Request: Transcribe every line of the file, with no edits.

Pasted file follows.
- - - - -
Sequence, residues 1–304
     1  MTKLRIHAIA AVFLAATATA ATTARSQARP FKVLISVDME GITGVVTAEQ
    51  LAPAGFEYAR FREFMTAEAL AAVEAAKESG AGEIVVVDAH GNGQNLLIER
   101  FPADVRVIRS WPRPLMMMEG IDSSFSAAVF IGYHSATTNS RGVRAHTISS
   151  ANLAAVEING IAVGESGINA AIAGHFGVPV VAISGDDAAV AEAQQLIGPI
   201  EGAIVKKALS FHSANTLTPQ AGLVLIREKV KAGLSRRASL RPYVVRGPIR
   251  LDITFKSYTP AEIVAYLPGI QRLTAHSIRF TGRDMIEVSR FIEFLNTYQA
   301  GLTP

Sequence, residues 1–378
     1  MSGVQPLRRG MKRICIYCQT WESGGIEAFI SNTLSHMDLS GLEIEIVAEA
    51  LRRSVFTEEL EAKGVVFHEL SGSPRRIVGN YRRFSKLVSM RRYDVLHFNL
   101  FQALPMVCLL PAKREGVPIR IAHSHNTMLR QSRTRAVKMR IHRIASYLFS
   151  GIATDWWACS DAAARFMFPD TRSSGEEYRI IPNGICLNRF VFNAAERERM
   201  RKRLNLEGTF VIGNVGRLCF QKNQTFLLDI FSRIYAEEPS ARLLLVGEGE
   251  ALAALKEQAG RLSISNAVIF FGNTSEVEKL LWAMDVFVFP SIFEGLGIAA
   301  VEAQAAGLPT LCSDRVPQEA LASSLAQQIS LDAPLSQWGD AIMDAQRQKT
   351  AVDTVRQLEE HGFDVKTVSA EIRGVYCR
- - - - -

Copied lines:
Sequence, residues 1–304
     1  MTKLRIHAIA AVFLAATATA ATTARSQARP FKVLISVDME GITGVVTAEQ
    51  LAPAGFEYAR FREFMTAEAL AAVEAAKESG AGEIVVVDAH GNGQNLLIER
   101  FPADVRVIRS WPRPLMMMEG IDSSFSAAVF IGYHSATTNS RGVRAHTISS
   151  ANLAAVEING IAVGESGINA AIAGHFGVPV VAISGDDAAV AEAQQLIGPI
   201  EGAIVKKALS FHSANTLTPQ AGLVLIREKV KAGLSRRASL RPYVVRGPIR
   251  LDITFKSYTP AEIVAYLPGI QRLTAHSIRF TGRDMIEVSR FIEFLNTYQA
   301  GLTP

Sequence, residues 1–378
     1  MSGVQPLRRG MKRICIYCQT WESGGIEAFI SNTLSHMDLS GLEIEIVAEA
    51  LRRSVFTEEL EAKGVVFHEL SGSPRRIVGN YRRFSKLVSM RRYDVLHFNL
   101  FQALPMVCLL PAKREGVPIR IAHSHNTMLR QSRTRAVKMR IHRIASYLFS
   151  GIATDWWACS DAAARFMFPD TRSSGEEYRI IPNGICLNRF VFNAAERERM
   201  RKRLNLEGTF VIGNVGRLCF QKNQTFLLDI FSRIYAEEPS ARLLLVGEGE
   251  ALAALKEQAG RLSISNAVIF FGNTSEVEKL LWAMDVFVFP SIFEGLGIAA
   301  VEAQAAGLPT LCSDRVPQEA LASSLAQQIS LDAPLSQWGD AIMDAQRQKT
   351  AVDTVRQLEE HGFDVKTVSA EIRGVYCR